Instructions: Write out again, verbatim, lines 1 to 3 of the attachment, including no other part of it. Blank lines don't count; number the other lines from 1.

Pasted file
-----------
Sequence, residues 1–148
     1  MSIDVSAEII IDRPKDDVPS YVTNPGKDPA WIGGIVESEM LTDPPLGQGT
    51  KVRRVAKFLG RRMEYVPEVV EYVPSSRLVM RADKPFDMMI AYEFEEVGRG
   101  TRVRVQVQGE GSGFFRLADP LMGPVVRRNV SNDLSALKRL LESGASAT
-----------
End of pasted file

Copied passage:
Sequence, residues 1–148
     1  MSIDVSAEII IDRPKDDVPS YVTNPGKDPA WIGGIVESEM LTDPPLGQGT
    51  KVRRVAKFLG RRMEYVPEVV EYVPSSRLVM RADKPFDMMI AYEFEEVGRG